Shellfish allergy caused by undesirable immunological responses upon ingestion of crustaceans and mollusks is a common cause of food allergy, especially in the Asia-Pacific region. While the prevalence of shellfish allergy is increasing, the mainstay of clinical diagnosis for these patients includes extract-based skin prick test and specific IgE measurement while clinical management consists of food avoidance and as-needed use of adrenaline autoinjector should they develop severe allergic reactions. Such a standard of care is unsatisfactory to both patients and healthcare practitioners. There is a pressing need to introduce more specific diagnostic methods, as well as effective and safe therapies for patients with shellfish allergy. Knowledge gained on the identifications and defining the immuno-molecular features of different shellfish allergens over the past two decades have gradually translated into the design of new diagnostic and treatment options for shellfish allergy. In this review, we will discuss the epidemiology, the molecular identification of shellfish allergens, recent progress in various diagnostic methods, as well as current development in immunotherapeutic approaches including the use of unmodified allergens, hypoallergens, immunoregulatory peptides and DNA vaccines for the prevention and treatment of shellfish allergy. The prospect of a “cure “for shellfish allergy is within reach. Full article
(This article belongs to the Special Issue Molecular and Cellular Basis of Food Allergies)
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Open AccessArticle
Forkhead Box P3 Methylation and Expression in Men with Obstructive Sleep Apnea
Int. J. Mol. Sci. 2020, 21(6), 2233; https://doi.org/10.3390/ijms21062233 - 23 Mar 2020
Viewed by 230
Abstract
Background: Epigenetic changes in obstructive sleep apnea (OSA) have been proposed as a mechanism for end-organ vulnerability. In children with OSA, Forkhead Box P3 (FOXP3) DNA methylation were associated with inflammatory biomarkers; however, the methylation pattern and its effect in the expression of [...] Read more.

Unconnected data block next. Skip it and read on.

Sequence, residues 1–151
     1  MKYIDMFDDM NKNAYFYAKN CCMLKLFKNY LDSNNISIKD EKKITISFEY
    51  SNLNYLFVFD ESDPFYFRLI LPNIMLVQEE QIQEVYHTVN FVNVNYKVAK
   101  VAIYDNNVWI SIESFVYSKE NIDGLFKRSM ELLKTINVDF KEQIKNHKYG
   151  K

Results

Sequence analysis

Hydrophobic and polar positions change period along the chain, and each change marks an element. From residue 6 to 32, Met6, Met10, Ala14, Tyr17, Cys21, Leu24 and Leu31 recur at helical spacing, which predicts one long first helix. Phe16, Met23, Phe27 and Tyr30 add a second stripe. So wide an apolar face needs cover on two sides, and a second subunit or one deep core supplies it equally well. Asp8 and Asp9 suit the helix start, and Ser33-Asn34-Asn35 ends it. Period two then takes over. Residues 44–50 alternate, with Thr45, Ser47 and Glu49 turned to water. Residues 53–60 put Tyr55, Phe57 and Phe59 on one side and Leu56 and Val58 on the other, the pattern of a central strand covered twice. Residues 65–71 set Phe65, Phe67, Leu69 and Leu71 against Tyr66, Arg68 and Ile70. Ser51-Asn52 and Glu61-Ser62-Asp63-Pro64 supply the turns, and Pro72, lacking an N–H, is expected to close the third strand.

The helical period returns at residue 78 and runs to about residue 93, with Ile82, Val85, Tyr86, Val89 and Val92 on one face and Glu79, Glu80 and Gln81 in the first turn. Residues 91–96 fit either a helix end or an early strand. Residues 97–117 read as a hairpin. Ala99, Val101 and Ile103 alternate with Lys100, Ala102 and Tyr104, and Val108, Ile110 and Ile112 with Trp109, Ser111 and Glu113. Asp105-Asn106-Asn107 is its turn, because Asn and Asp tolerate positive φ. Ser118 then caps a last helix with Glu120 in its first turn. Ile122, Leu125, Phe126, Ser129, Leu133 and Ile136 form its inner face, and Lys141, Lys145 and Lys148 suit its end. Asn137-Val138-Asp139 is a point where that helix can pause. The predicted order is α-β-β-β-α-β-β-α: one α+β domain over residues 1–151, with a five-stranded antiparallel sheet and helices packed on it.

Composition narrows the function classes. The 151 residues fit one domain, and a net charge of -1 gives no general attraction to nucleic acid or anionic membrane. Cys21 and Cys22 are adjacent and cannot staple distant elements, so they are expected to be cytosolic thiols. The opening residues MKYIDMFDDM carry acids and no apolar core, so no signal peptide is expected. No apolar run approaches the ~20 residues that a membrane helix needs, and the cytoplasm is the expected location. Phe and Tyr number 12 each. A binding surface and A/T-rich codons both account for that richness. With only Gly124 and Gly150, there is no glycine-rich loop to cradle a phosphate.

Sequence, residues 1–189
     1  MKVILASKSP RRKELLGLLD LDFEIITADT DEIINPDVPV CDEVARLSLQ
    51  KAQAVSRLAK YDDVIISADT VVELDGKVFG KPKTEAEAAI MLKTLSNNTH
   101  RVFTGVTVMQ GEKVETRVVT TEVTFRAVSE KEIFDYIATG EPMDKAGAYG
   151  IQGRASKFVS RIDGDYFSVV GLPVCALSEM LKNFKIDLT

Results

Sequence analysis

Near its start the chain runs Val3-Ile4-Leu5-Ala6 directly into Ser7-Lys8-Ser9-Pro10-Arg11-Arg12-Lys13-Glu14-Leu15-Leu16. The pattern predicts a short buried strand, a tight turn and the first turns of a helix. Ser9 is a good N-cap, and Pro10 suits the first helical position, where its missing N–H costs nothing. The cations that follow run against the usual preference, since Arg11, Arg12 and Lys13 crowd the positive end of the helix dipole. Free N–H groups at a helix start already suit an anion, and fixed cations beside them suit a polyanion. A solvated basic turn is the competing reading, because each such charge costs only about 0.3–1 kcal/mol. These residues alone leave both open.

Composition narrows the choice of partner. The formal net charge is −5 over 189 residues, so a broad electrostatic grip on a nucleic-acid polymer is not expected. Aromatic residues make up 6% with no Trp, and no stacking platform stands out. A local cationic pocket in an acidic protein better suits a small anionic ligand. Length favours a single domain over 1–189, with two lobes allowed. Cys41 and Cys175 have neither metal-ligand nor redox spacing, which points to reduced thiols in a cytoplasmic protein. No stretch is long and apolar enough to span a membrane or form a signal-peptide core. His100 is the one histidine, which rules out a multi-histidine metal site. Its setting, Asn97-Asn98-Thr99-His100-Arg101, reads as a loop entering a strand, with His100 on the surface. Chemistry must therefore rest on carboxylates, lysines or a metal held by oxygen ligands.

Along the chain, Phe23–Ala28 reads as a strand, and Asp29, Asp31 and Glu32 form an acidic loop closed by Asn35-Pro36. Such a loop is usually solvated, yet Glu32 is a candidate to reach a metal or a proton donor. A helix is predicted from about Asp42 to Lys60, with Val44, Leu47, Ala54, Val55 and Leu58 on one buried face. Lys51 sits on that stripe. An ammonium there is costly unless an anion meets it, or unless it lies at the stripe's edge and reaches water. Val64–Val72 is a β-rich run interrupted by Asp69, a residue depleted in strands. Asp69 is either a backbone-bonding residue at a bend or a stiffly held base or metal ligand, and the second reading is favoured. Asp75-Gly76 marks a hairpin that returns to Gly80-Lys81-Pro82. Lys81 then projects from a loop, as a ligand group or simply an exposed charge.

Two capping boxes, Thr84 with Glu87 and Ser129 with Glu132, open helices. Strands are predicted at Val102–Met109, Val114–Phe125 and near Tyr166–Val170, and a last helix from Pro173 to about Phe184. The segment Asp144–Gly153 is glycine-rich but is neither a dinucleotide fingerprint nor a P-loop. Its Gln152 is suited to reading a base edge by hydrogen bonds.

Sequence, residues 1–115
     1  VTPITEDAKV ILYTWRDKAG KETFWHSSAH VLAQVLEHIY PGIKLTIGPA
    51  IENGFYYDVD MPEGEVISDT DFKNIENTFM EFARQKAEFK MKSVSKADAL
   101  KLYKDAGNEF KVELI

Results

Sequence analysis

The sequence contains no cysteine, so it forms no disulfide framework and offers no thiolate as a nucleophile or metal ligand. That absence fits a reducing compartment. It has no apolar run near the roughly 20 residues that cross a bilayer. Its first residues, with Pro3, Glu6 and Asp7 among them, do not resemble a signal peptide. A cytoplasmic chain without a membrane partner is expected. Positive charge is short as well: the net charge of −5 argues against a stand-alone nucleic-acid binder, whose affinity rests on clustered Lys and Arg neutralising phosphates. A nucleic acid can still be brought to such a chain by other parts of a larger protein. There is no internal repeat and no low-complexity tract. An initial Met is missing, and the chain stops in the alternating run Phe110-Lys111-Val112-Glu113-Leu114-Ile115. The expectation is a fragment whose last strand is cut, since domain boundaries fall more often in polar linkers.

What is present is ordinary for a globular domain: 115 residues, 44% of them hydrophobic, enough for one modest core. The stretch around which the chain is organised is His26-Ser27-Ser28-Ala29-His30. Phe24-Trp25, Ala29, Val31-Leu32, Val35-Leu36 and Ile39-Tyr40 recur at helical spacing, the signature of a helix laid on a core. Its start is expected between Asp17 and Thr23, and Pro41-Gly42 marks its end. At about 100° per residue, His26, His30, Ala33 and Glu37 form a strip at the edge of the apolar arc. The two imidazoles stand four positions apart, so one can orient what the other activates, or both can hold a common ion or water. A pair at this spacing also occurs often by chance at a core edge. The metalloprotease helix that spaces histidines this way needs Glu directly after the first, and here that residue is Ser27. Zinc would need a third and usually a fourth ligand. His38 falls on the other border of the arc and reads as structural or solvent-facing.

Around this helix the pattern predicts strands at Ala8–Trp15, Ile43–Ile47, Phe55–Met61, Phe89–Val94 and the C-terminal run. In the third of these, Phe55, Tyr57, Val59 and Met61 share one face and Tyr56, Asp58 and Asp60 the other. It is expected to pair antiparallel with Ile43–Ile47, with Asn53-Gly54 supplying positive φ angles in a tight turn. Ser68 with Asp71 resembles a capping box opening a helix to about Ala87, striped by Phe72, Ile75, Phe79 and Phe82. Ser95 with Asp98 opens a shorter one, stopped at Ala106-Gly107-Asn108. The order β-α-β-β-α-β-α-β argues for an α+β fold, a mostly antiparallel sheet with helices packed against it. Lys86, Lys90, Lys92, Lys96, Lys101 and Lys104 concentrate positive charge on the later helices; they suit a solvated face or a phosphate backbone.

Background: Epigenetic changes in obstructive sleep apnea (OSA) have been proposed as a mechanism for end-organ vulnerability. In children with OSA, Forkhead Box P3 (FOXP3) DNA methylation were associated with inflammatory biomarkers; however, the methylation pattern and its effect in the expression of this gene have not been tested in adults with OSA. Methods: Plasma samples from subjects without comorbid conditions other than OSA were analyzed (the Epigenetics Status and Subclinical Atherosclerosis in Obstructive Sleep Apnea (EPIOSA) Study: NCT02131610). In 16 patients with severe OSA (Apnea-Hypopnea Index—AHI- > 30 events/h) and seven matched controls (AHI < 5), methylation of FOXP3 gen was evaluated by PCR of the promoter and by pyrosequencing of the intron 1 Treg-specific demethylated region (TSDR). In another 74 patients with OSA (AHI > 10) and 31 controls, we quantified FOXP3 protein expression by ELISA and gene expression by quantitative real-time PCR. C-reactive protein (CRP) and plasma Treg cells were also evaluated. Results: Neither the levels of the promoter nor the TSDR demethylated region were different between controls and patients with OSA, whether they were grouped by normal or high CRP. FOXP3 protein and mRNA expression did not differ between groups. Conclusions: FOXP3 methylation or its expression is not altered in adults with OSA, whatever their inflammatory status. Full article